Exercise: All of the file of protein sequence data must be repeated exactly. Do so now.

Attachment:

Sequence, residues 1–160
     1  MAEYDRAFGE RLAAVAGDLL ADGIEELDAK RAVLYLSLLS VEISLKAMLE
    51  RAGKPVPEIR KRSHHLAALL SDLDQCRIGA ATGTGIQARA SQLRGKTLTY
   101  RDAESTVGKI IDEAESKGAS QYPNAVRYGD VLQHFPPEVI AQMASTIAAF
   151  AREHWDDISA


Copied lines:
Sequence, residues 1–160
     1  MAEYDRAFGE RLAAVAGDLL ADGIEELDAK RAVLYLSLLS VEISLKAMLE
    51  RAGKPVPEIR KRSHHLAALL SDLDQCRIGA ATGTGIQARA SQLRGKTLTY
   101  RDAESTVGKI IDEAESKGAS QYPNAVRYGD VLQHFPPEVI AQMASTIAAF
   151  AREHWDDISA